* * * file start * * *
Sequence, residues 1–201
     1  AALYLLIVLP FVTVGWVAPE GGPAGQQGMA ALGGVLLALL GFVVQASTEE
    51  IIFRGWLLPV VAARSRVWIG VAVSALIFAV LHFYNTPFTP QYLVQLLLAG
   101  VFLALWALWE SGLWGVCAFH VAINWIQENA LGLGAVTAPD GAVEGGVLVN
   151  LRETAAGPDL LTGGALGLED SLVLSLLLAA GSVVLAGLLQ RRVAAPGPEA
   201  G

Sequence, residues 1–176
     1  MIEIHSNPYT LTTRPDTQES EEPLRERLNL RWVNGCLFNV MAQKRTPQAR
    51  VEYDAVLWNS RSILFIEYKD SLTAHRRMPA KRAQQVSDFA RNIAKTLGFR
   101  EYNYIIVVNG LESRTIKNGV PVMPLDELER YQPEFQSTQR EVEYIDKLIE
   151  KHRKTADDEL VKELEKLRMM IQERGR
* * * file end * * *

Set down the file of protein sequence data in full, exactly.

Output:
Sequence, residues 1–201
     1  AALYLLIVLP FVTVGWVAPE GGPAGQQGMA ALGGVLLALL GFVVQASTEE
    51  IIFRGWLLPV VAARSRVWIG VAVSALIFAV LHFYNTPFTP QYLVQLLLAG
   101  VFLALWALWE SGLWGVCAFH VAINWIQENA LGLGAVTAPD GAVEGGVLVN
   151  LRETAAGPDL LTGGALGLED SLVLSLLLAA GSVVLAGLLQ RRVAAPGPEA
   201  G

Sequence, residues 1–176
     1  MIEIHSNPYT LTTRPDTQES EEPLRERLNL RWVNGCLFNV MAQKRTPQAR
    51  VEYDAVLWNS RSILFIEYKD SLTAHRRMPA KRAQQVSDFA RNIAKTLGFR
   101  EYNYIIVVNG LESRTIKNGV PVMPLDELER YQPEFQSTQR EVEYIDKLIE
   151  KHRKTADDEL VKELEKLRMM IQERGR